18 April 2017 – Warming of 2°C in Africa could reduce ag production by 20%
Scientific consensus is that a temperature increase of 2°Celsius would result in an average reduction of 15% to 20% in agricultural yields on the African continent.
The Center for Global Development’s 2011 report, “Quantifying Vulnerability to Climate Change Implications for Adaptation Assistance,” forecasts median agricultural productivity losses due to climate change ranging from 18% in North Africa to 19.8% in Central Africa through 2050.
The weak output in Africa, reinforced by a spike in temperatures and exacerbated by extreme climate events, could create a vicious loop of food insecurity, impoverishment, mass migration and, finally, armed conflict.
In addition to the moral imperative of feeding people, there is also an essentially practical argument to be made in favour of significantly increasing support for agricultural adaptation in Africa—the so-called feedback loop. By helping Africa boost agricultural production through improved soil management and irrigation techniques, as well as increased research on other farming techniques that respect the integrity of land, the global community also would be helping reduce greenhouse gas concentrations in the atmosphere. That’s because the improved agricultural practices, as part of a virtuous circle, would increase yields on poor farmland, reduce deforestation and improve the carbon sequestration capacity of cultivated soil.
By maintaining African agriculture and reinforcing its capacity for adapting to climate change, the international community can show its responsiveness to the life-and-death issue of African food security, while addressing the global imperative to reduce temperature increases.
Scientists Just Figured Out How to Use Graphene to Make Seawater Drinkable
New research from the University of Manchester developed a graphene-based sieve that can filter out salt from seawater. The graphene oxide membrane could be a cheaper and more efficient filter for desalination plants to use. Read more…
National Water Week 20 – 26 March 2017
National World Water Day, 22 March 2017, under the theme “Wastewater: The Untapped Resource” Read more…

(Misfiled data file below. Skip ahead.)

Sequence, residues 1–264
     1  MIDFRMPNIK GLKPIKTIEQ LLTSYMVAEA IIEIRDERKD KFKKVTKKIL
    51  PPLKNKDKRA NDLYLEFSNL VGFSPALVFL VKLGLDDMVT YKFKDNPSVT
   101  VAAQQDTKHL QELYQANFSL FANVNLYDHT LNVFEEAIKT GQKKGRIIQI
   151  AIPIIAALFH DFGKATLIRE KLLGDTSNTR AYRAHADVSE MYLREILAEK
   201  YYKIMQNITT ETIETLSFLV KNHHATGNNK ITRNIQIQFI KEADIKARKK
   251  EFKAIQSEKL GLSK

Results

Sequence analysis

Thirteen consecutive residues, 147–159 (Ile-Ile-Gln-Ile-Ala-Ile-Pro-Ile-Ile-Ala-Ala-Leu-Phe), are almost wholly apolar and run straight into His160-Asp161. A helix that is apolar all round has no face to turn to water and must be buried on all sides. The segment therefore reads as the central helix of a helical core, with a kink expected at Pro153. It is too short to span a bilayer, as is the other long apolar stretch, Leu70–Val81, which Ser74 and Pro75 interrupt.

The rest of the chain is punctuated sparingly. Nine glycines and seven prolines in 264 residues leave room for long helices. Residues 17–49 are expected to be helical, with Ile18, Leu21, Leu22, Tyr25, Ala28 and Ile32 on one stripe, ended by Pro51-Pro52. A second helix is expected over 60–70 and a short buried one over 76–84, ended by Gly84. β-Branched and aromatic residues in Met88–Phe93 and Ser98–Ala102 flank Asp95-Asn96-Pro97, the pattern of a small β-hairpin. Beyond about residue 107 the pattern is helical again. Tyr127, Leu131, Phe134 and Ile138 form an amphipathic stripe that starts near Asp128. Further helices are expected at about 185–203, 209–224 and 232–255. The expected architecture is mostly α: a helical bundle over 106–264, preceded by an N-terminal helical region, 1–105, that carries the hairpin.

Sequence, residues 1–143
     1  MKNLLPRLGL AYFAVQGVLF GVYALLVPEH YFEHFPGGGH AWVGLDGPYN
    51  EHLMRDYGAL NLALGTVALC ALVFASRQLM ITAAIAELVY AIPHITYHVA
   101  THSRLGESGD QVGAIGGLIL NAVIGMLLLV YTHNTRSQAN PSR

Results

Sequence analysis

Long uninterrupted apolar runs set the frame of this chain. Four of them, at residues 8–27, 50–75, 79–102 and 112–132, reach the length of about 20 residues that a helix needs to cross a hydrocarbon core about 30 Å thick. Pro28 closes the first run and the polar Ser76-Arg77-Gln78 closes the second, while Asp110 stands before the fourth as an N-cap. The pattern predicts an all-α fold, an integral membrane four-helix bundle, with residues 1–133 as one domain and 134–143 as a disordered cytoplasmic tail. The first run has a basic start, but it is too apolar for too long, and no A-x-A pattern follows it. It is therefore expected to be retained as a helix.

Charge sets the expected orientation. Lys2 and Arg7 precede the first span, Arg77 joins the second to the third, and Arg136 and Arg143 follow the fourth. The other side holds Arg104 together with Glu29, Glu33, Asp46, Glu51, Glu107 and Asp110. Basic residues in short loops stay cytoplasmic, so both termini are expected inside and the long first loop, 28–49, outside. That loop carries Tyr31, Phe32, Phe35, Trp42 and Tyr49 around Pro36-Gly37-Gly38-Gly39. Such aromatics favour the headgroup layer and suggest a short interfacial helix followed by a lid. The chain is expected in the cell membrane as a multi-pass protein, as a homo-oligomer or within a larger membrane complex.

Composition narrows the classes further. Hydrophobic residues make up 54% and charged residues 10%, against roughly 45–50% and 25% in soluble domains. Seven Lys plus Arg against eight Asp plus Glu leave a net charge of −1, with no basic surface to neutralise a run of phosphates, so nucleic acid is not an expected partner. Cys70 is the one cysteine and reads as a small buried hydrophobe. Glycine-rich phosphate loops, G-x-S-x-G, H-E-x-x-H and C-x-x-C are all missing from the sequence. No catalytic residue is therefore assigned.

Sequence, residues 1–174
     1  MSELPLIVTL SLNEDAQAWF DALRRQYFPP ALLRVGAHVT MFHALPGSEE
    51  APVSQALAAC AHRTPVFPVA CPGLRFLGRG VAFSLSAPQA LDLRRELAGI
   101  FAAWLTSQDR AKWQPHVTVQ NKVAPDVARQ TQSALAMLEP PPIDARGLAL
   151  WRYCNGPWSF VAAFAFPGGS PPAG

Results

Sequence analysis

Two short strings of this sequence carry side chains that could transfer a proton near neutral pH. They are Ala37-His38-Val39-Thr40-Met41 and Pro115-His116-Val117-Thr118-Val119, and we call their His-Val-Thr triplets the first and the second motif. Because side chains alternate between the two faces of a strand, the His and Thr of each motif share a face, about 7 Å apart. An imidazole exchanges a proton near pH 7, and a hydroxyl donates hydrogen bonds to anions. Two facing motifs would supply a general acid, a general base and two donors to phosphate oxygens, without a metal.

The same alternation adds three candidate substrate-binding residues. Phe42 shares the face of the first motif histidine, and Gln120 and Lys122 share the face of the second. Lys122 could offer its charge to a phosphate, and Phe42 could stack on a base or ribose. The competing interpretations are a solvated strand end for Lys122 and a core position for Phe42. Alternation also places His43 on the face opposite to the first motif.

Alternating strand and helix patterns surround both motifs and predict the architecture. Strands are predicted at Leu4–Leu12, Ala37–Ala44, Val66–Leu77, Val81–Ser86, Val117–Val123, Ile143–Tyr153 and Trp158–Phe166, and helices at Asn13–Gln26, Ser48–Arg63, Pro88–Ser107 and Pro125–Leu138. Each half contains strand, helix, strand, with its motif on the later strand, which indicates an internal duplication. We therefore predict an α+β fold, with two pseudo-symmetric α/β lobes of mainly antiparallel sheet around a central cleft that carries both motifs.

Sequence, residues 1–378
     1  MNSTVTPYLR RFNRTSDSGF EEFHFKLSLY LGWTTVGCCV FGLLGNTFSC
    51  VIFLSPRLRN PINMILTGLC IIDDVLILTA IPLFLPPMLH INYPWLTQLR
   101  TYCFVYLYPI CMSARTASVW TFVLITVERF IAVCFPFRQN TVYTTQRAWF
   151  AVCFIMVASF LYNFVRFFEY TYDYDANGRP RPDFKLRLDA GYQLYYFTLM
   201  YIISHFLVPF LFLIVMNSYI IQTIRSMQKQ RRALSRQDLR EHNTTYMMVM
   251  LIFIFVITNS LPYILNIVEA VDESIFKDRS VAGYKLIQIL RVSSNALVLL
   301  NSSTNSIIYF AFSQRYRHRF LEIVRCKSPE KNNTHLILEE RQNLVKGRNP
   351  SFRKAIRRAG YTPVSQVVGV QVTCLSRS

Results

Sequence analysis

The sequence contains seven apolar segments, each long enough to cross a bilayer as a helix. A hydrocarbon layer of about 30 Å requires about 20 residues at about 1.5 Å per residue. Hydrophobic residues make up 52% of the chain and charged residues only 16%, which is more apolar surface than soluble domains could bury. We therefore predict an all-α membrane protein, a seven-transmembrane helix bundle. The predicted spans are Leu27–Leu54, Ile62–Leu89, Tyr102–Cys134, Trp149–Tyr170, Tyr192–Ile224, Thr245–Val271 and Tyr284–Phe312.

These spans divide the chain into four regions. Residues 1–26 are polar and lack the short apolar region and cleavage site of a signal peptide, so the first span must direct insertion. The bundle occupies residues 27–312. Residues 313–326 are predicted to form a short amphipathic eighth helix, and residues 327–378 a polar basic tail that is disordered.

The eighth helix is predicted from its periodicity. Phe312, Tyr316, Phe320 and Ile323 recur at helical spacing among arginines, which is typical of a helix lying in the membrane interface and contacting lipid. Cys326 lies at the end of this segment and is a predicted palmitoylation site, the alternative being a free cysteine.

South Africa: Winemakers gobsmacked as Swartland opens door to sandmining
Swartland wine producers appear to have lost their legal battle to stop sand mining in Paardeberg, a move which threatens to undermine 20 years’ worth of work to establish Swartland as a prized winemaking region.
The granting of new sand mining licences opens up the possibility that mining operations will now become a common sight the region, changing the landscape and destroying precious cultivatable land in a relatively small area.
The Swartland Municipality’s own Spatial Development Framework for the Paardeberg – an official document setting out policy guidelines for sustainable development in the area – had earmarked it as a conservation area – a fact which the municipality’s decision appears to contradict.
Does Organic Wine Taste Better?
Ecolabels are part of a new wave of environmental policy that emphasizes information disclosure as a tool to induce environmentally friendly behavior by both firms and consumers. Little consensus exists as to whether ecocertified products are actually better than their conventional counterparts.
Drought in Southern Africa points to urgent need for climate change plans
It is expected that temperatures in Southern Africa will rise by between 1.5°C and 3°C due to climate change by the year 2050. As a strategy to mitigate climate change, southern African farmers should make use of livestock species or breeds that are heat and drought tolerant, disease and parasite resistant. Read more…
The state of the climate in 2016
AS UN climate talks in Marrakesh enter their final few days, leaders have a lot on their minds. Political support for a green agenda will wane in America next year. Read more…